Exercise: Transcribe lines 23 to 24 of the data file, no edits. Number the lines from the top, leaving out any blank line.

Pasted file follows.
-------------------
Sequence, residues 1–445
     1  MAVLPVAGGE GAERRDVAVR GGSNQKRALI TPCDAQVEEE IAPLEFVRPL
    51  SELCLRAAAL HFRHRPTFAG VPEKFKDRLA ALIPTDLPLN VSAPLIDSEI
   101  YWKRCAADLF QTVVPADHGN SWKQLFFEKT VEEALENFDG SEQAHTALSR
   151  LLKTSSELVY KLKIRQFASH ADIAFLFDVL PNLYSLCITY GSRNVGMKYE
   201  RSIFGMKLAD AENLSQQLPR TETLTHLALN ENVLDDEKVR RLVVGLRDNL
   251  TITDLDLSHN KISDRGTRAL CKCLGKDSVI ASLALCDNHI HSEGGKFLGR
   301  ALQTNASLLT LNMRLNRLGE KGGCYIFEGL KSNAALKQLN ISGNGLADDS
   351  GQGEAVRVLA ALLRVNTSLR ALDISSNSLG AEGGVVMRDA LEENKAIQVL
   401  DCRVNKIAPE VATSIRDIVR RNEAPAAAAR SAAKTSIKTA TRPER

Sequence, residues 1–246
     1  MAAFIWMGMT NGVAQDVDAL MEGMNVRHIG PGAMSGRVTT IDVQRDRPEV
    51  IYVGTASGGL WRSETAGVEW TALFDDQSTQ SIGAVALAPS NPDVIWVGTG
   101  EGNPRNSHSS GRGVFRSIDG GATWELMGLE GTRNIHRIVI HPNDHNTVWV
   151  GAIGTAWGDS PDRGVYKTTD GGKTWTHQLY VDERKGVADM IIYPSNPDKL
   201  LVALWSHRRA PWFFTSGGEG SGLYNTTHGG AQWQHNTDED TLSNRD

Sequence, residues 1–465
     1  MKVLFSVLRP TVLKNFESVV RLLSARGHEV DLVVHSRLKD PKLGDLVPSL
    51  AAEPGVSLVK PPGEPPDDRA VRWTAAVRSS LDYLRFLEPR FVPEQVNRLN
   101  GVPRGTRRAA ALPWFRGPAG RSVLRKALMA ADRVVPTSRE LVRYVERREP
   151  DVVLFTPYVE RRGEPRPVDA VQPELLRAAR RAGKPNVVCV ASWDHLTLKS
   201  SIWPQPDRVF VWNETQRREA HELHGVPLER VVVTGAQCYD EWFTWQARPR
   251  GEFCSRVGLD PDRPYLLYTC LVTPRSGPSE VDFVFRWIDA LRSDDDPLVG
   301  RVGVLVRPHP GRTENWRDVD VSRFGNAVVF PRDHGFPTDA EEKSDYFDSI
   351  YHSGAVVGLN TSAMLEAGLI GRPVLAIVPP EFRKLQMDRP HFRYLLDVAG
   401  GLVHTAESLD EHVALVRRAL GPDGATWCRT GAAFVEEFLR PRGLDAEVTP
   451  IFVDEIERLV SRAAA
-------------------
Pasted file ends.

   251  GEFCSRVGLD PDRPYLLYTC LVTPRSGPSE VDFVFRWIDA LRSDDDPLVG
   301  RVGVLVRPHP GRTENWRDVD VSRFGNAVVF PRDHGFPTDA EEKSDYFDSI